Predicting the success

By | Science & Technology
Tennis player.Credit@capitaltennis.net

Research in sports science may have identified the factors necessary for sporting success, particularly in tennis. Understanding the anticipation ability of a player may be a decisive ingredient in developing exceptional young tennis players.

With the culmination of the Australian open and the relative success of British tennis players in the tournament, fans or apprentices may be interested in why particular stars achieve great heights and what the essential factors are in this achievement. With the help of sports science, which attempts to explain how specific actions and perceptions may be produced with greater precision by some professional athletes, these factors may be elucidated. Research has focused on the importance of mental abilities as well as physical capacity and how these are combined, this inherent complexity may vary in all athletes and the cumulative intelligence of the player may be the principal ingredient in sporting talent.

One element of this intelligence and an important mental capacity is anticipation, which is synonymous with reactivity, desire, hope, expectation and prediction. Being an abstract concept, defining and quantifying anticipation is often challenging. This ability has been shown to predict the success of athletes of many sports including tennis, soccer, badminton and baseball. In tennis, a player’s anticipation has been associated with the level of skill an individual possesses, suggesting a further synonymous relationship. Anticipation may consist of many corresponding abilities.

Research by Triolet and colleagues set out to quantify the ability of anticipation using video technology to record the players’ time taken to respond to an opponent’s ball stroke. Using data from a total of 3000 situations by players ranked in the world’s top 20, the success of the player’s actions depended on many factors. With anticipation in tennis being constrained by court dimensions and uncertain information from unpredictable opponents, the decisions made by individual players vary in potency. The research shows how anticipation behaviour is present for 6-13% of a tennis match, only appearing when an opponent has a distinct tactical advantage.

With a short reaction time needing an individual to make very fast calculations, professional player’s may have shorter visuo-motor delays than novices. In general a decrease in accuracy was seen when a response time was shorter than 140 ms on average. Howarth and colleagues previously showed how skilled players initiated a response around 112.5 ms following an opponent’s ball stroke and lesser skilled player’s on average around 363 ms. Skilled player’s have been shown to be able to anticipate the return of the ball making a more accurate decision at around 87.5 ms before the ball is actually struck in comparison to unskilled players who responded 163 ms after the stroke.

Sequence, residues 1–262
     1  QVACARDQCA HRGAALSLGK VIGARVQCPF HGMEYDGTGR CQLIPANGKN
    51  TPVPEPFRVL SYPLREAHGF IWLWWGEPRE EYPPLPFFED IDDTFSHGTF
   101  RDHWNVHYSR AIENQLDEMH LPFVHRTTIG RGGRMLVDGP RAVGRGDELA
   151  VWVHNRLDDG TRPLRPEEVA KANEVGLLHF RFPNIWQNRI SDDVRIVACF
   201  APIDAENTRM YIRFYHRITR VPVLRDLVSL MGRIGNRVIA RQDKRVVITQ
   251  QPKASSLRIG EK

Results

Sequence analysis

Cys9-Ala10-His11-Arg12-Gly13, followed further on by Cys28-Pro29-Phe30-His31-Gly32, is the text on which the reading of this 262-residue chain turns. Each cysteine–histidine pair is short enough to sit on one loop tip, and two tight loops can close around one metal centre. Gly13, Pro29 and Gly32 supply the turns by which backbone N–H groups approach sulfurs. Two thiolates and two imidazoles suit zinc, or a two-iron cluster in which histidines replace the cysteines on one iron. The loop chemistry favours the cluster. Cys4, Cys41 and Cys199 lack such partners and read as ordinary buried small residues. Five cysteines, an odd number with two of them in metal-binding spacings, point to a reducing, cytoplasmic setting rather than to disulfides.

Other research suggests expert player’s may use tactical intelligence involving strategic, positional or probabilistic knowledge. A delayed response in relation to an absence of tactical information may allow players to disguise shots more effectively. How an individual reads information from another player’s posture and also deceives the other, are additionally important factors.

Unsuccessful players tend to cover shorter distance, spend more time in defensive situations and relative zones although move quicker, using more energy. Winners of tennis games often restrain the other player into following a defensive strategy restricting response options, interestingly, a difference between the type of shot or the frequency of these shots played throughout matches between players is far from apparent. The type of surface also influences the strategy a player may use. This demonstrates how the strategy, anticipation and accuracy of response are some of the key elements in tennis sporting success.

Given the significant importance of cognitive factors in tennis and sporting success, it may be of interest to up and coming tennis player’s that these factors may be trained. Research suggests developing anticipation skills may be achieved through perceptual training as well as perception action training; enhancing the ability to pick up on subtle cues. The overall research demonstrates how understanding successful professional tennis players may help to breed young stars.

Why do certain tennis players have higher levels of anticipation?

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